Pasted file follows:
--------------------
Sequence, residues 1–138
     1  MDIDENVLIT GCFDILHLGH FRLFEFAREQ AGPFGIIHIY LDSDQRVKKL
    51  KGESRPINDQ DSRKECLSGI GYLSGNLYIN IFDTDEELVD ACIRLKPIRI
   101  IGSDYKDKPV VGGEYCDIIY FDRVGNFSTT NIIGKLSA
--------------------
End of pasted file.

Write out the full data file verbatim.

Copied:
Sequence, residues 1–138
     1  MDIDENVLIT GCFDILHLGH FRLFEFAREQ AGPFGIIHIY LDSDQRVKKL
    51  KGESRPINDQ DSRKECLSGI GYLSGNLYIN IFDTDEELVD ACIRLKPIRI
   101  IGSDYKDKPV VGGEYCDIIY FDRVGNFSTT NIIGKLSA